“Written in Blood”

About the time I started doing Journey Into Courage in 1990, I began to make a book out of excerpts from my journal.  I was inspired by reading in The Courage to Heal that people often cut themselves as a result of sexual abuse.  I was working in therapy to try to uncover such an incident.  I do have one memory of my father molesting me when I was 12, but that seemed a bit too mild.  I was also looking for the reason I wasn’t able to have sex with my husband, but never found any past event that seemed to explain it.  I called the book “Written in Blood” because when I cut myself I often wrote and painted with the blood.  I planned to end it with Journey Into Courage.  As I was going through old journals looking for entries for Written in Blood, I also found pieces of writing that spoke of the Shamanic part of me and the Artist part of me.  I called the artist “Nika,” and I wrote a lot of imaginary stories about her life while I was in a workshop with Deena Metzger.  I also started one on the passage through menopause, called “Dialogues with the Moon.”  I already had a long project called “Ritual Year,” which involved finding a passage for each day of the year.  I thought of going back to that one recently, knowing that I have a lot more positive writings that I could substitute for the painful ones.  But I haven’t enough cognitive energy for such a project, the deep therapy I’m doing takes most of my mental/emotional energy.

I had a great idea, which was impossible for me to work out, it would have meant writing a lot of fictional journal entries since there were far more entries about “Blood” than about Nika or Shaman.  My great idea was that I would write/compile three separate books, with dated entries, such that it would be possible to collate them and have one book, a journal of a person who suffered from child abuse, but who was also an artist and a shaman.  It was a great idea, and I might have carried it out if I hadn’t been dragged down by the woundings of the past.  At that time I wasn’t on medication, nor did I have any idea that I was suffering from PTSD.

It was in 1995, after we finished the movie of Journey, that I fell into what I now know was a severe depression.  I think I was hoping that a new project would keep me going.  I was walking with my husband one day, talking about “Written in Blood” and he asked me “If you wrote a book and it got published, what would you have?”  This sentence came out of my mouth without thinking “That would prove that I deserve to live, even though my parents were disappointed in me.”  When I understood that that was the point of this whole big project, it was like a whole block of my life fell into the sea.  If proving something to Mom & Dad, or if not to them, to a wider and more inclusive “them,” was the motivation behind all this work, I did not want to keep doing it.  I stopped typing up my journals.  I thought I might even stop writing, but it was too important a part of my life.  I kept the notebooks, but I didn’t start typing again until 2003 and then I only typed what I considered to be important.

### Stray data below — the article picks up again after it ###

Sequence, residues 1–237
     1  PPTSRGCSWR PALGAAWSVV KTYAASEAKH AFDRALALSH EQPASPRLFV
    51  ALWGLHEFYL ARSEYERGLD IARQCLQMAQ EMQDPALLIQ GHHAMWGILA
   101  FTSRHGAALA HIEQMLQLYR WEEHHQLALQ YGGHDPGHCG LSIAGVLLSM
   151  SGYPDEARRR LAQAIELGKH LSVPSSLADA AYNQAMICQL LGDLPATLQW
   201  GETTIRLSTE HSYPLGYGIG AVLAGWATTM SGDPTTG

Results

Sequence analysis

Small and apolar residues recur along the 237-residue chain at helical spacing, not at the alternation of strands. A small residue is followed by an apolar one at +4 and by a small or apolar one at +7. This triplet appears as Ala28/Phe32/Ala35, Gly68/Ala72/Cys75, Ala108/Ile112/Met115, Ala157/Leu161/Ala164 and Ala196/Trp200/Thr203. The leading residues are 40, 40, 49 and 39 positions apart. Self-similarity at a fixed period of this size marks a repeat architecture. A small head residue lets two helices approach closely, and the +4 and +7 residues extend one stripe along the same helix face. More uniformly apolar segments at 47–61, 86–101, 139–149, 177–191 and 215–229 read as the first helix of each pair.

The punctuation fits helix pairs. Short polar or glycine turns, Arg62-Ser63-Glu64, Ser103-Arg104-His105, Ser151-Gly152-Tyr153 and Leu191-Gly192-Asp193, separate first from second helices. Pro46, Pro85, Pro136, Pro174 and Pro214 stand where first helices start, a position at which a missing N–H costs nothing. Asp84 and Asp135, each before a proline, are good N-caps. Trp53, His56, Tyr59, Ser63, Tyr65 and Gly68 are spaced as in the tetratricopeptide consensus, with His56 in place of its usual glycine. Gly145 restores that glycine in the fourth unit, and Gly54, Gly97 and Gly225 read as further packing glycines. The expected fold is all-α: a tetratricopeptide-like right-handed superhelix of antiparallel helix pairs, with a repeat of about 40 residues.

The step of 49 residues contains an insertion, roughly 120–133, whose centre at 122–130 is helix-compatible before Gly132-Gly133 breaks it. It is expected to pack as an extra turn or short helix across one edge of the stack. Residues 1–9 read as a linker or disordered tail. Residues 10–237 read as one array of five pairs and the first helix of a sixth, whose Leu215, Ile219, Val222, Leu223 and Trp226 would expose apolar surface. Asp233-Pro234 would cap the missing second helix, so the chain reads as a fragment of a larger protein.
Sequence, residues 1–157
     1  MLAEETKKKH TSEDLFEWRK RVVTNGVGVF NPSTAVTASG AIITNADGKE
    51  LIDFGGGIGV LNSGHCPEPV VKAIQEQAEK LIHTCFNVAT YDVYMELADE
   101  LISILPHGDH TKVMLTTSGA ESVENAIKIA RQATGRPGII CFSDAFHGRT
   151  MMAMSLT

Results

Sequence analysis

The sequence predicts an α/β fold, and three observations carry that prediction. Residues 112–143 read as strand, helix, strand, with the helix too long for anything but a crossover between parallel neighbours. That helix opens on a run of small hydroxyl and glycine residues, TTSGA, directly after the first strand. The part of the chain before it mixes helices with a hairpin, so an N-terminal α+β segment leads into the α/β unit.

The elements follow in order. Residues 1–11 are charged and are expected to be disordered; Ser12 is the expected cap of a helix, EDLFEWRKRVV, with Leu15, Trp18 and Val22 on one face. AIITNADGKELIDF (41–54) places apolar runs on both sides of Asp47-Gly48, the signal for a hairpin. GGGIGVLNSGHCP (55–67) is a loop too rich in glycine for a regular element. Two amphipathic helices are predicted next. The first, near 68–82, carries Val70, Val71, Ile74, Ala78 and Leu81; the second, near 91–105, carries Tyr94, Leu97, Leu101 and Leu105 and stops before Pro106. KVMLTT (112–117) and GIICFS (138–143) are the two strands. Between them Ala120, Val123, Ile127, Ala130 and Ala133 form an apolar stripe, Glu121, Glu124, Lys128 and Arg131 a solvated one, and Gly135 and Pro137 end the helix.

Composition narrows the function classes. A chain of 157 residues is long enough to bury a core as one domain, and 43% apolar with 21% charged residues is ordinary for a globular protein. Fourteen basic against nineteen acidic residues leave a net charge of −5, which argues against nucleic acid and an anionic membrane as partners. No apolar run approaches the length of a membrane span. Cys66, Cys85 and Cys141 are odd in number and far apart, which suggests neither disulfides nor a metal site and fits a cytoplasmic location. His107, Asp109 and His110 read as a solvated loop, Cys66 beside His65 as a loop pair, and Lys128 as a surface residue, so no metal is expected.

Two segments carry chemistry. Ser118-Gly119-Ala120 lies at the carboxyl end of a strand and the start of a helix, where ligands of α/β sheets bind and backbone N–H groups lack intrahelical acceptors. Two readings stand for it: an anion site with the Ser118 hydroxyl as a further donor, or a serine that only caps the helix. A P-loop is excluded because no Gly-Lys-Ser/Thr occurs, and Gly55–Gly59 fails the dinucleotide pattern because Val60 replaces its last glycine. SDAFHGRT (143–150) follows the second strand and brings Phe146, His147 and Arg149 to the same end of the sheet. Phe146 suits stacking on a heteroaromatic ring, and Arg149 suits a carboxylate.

Recently I decided that it was time to let go of that project.  So every time I make a fire, I use about 10 pages to help it get started.  Recently I saw some quotes that might be used in a blog entry.  Here they are:

March 1985

[I was very sick with systemic yeast and severe depression.  My friend Miriam was concerned about me and came to our house and did a lot of work to get me going again.]

Saturday morning we did voice work in the formal gestalt manner with a different chair position for each voice.  The first voice is the one who is trying to kill me.  She resembles the fat, ugly, crazy person from the earlier life.  She says “I want to die, what’s the point in going on, nothing’s any good, the world is all poisoned and dying, there’s nothing I can do, etc.”  How old are you?  “Four.”  What’s happening?  “I’m shut in the closet.”  Why?  “I was showing off.”  Who did it?  “Mother.”  I was singing and dancing and she made me stop, she said I wasn’t any good at it.  I shout at her:  What’s wrong with showing off?  Why shouldn’t I sing and dance?  So what if I’m not any good — how am I going to learn?  Mother turns away.  Miriam says “Not much use asking her questions, is it?”  Then she said that there were other parts of me that might be able to help  (Depressed one felt some relief at that idea)  and asked for permission to talk to them.